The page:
Philosopher Peter Singer is known throughout the world for his controversial belief that all life is not equally precious. In fact, Singer tells correspondent Dan Rather that it may be ethical to kill handicapped babies and argues that the lives of animals are not inferior to the lives of humans. Rather's report on Princeton University's controversial ethicist will be broadcast on 60 MINUTES II, Wednesday, Feb. 20 (8:00-9:00 PM, ET/PT) on the CBS Television Network.

Although many consider Singer's views on medical research immoral, he maintains that his views are simply unconventional and explains to Rather why he thinks it's better to conduct dangerous experiments on certain humans as opposed to animals. "...I think there, perhaps, are some things which could be done with people who are no longer conscious at all and will never recover consciousness," says Singer. "It would be ethically justifiable to approach the relatives and to say, 'Look, we want to find out whether certain drugs produce adverse reactions in human beings. Do you have any objections to doing this test on your relative who can no longer suffer from it because he or she can no longer feel anything at all?'...Without consciousness, human life has dropped to a level, in fact, below that of a chimpanzee or a dog."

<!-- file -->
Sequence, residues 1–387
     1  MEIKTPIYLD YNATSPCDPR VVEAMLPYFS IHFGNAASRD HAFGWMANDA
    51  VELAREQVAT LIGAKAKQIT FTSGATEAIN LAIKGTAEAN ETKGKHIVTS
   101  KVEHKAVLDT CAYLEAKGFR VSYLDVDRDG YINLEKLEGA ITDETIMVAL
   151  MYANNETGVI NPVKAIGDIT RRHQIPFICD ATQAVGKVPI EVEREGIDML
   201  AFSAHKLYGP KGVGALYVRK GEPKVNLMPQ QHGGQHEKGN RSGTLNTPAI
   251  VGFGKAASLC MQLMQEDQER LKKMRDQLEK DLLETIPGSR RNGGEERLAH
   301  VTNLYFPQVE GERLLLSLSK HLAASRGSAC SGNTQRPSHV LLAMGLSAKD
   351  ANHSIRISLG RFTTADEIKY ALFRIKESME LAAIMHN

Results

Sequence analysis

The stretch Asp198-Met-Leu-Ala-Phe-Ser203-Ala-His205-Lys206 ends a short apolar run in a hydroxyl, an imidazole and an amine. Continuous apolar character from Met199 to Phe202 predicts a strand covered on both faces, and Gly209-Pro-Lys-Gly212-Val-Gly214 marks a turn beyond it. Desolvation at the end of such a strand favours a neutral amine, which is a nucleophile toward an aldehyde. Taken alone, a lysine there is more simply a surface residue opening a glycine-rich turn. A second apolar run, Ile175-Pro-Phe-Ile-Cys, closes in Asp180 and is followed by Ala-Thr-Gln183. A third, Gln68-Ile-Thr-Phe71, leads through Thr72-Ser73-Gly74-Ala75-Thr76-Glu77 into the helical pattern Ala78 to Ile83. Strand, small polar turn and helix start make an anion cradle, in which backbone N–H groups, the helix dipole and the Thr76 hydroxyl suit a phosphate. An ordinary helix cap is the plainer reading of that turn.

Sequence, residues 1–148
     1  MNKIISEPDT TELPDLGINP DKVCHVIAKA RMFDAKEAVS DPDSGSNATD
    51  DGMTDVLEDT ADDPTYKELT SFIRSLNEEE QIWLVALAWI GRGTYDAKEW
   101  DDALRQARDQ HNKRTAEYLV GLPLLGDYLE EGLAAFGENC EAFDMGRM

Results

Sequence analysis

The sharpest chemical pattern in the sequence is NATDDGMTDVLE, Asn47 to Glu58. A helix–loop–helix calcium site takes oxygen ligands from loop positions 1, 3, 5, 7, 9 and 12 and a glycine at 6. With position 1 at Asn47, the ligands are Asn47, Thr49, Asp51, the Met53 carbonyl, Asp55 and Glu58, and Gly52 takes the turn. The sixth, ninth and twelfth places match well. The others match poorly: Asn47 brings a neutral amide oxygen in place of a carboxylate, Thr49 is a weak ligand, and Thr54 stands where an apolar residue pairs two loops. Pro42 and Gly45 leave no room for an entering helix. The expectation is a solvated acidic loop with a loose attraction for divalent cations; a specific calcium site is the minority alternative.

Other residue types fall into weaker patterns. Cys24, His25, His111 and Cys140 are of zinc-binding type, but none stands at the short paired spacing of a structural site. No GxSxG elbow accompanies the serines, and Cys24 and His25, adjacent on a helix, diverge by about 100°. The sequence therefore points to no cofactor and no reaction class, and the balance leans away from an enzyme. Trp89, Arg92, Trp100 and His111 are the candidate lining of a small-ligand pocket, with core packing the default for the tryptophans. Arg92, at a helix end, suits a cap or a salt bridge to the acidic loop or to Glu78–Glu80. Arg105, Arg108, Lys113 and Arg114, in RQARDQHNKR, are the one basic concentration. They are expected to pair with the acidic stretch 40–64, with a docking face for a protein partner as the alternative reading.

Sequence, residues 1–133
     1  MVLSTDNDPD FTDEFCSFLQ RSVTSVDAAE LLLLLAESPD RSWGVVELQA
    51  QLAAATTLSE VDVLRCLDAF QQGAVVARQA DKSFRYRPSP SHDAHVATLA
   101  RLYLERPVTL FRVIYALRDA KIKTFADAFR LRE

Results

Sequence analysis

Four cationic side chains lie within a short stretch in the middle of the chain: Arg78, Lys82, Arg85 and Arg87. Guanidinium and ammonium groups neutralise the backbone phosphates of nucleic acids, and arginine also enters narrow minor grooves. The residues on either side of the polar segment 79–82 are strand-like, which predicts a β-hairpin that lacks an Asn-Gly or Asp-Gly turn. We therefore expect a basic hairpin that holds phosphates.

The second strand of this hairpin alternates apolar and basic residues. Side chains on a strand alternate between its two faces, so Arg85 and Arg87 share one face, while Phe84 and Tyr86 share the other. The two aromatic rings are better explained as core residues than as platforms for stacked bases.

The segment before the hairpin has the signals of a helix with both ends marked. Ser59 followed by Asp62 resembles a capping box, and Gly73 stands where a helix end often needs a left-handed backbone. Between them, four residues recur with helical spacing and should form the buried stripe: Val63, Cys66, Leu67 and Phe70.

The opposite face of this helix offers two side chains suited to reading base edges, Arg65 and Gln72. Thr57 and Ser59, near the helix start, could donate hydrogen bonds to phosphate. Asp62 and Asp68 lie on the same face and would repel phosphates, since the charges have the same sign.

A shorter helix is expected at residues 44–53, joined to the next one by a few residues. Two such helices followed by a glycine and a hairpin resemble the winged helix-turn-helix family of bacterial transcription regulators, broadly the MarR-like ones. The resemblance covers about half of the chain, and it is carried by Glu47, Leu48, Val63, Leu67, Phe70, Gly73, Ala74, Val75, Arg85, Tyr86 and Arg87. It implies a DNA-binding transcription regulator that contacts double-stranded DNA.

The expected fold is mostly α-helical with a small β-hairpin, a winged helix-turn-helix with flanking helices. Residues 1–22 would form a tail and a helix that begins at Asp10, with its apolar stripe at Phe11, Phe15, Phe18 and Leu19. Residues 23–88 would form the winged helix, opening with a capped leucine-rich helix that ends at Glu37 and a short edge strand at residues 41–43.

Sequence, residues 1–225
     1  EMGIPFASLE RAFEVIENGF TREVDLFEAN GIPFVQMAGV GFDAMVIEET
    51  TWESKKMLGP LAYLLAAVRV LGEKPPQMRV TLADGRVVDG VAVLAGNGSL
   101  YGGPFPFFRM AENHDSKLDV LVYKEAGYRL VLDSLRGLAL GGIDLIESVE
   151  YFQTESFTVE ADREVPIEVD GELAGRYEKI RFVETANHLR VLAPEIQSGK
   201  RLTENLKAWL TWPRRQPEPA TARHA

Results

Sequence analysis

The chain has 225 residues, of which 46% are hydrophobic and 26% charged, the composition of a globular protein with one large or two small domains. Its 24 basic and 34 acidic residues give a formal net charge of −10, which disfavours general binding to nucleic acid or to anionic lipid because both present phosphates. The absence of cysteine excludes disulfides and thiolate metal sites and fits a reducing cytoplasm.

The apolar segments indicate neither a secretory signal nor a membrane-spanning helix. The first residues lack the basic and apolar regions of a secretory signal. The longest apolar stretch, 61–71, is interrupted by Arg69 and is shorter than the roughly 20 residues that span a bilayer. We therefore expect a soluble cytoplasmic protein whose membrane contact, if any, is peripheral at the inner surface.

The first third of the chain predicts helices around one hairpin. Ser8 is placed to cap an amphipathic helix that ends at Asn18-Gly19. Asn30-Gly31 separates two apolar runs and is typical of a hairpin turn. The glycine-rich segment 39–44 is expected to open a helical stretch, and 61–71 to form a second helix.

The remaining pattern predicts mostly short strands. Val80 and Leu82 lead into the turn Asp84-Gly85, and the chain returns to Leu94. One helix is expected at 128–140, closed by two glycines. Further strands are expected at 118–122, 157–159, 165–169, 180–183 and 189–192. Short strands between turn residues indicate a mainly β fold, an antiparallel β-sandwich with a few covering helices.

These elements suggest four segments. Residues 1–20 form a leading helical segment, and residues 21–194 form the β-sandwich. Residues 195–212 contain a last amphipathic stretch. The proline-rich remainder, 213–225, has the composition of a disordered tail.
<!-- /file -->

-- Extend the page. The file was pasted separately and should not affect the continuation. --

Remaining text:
Singer's ethical views about ending life aren't just words scribbled on a college blackboard -- they have real world application. In fact, Singer supported Diane Arnder's court battle against an advocacy group for the right to end the life of her 29-year-old daughter who was suffering from cerebral palsy, severe mental retardation and seizures. "People have to understand you can only do so much to keep a person here and then, after that, it's time for God to intervene...or somebody to intervene and say, 'Hey, it's time to let go,'" says Arnder.

But Steve Drake, a spokesman for Not Dead Yet, the disabled person's advocacy group that asked a judge to intervene in Arnder's case, still disagrees -- he himself survived a childhood brain disorder. "It is dressed up nicely, it is spoken in very polite tones by a very polite person, but what [Singer] is really saying is that some people's lives are not worth living -- are not worth it for us, as a society, to put up with -- is not worth families having kids with disabilities," says Drake.

Jeff Fager is the executive producer of 60 MINUTES II and Steve Glauber is the producer.